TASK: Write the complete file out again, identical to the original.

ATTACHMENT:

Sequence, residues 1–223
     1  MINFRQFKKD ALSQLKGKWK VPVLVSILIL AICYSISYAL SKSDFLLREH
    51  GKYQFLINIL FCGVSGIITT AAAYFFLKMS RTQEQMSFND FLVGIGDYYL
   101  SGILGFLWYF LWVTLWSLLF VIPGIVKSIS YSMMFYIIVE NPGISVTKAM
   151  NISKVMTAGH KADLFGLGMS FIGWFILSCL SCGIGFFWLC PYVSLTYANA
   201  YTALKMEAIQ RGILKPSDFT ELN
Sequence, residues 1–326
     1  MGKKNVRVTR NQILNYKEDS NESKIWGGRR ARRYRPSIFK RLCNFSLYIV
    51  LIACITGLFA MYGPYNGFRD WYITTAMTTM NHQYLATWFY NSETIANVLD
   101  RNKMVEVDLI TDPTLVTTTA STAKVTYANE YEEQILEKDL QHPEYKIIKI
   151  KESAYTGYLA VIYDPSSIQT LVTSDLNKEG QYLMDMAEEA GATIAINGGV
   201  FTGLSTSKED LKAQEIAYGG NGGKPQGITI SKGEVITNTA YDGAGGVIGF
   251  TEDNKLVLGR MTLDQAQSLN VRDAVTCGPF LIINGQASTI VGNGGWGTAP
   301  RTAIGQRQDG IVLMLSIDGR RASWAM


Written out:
Sequence, residues 1–223
     1  MINFRQFKKD ALSQLKGKWK VPVLVSILIL AICYSISYAL SKSDFLLREH
    51  GKYQFLINIL FCGVSGIITT AAAYFFLKMS RTQEQMSFND FLVGIGDYYL
   101  SGILGFLWYF LWVTLWSLLF VIPGIVKSIS YSMMFYIIVE NPGISVTKAM
   151  NISKVMTAGH KADLFGLGMS FIGWFILSCL SCGIGFFWLC PYVSLTYANA
   201  YTALKMEAIQ RGILKPSDFT ELN
Sequence, residues 1–326
     1  MGKKNVRVTR NQILNYKEDS NESKIWGGRR ARRYRPSIFK RLCNFSLYIV
    51  LIACITGLFA MYGPYNGFRD WYITTAMTTM NHQYLATWFY NSETIANVLD
   101  RNKMVEVDLI TDPTLVTTTA STAKVTYANE YEEQILEKDL QHPEYKIIKI
   151  KESAYTGYLA VIYDPSSIQT LVTSDLNKEG QYLMDMAEEA GATIAINGGV
   201  FTGLSTSKED LKAQEIAYGG NGGKPQGITI SKGEVITNTA YDGAGGVIGF
   251  TEDNKLVLGR MTLDQAQSLN VRDAVTCGPF LIINGQASTI VGNGGWGTAP
   301  RTAIGQRQDG IVLMLSIDGR RASWAM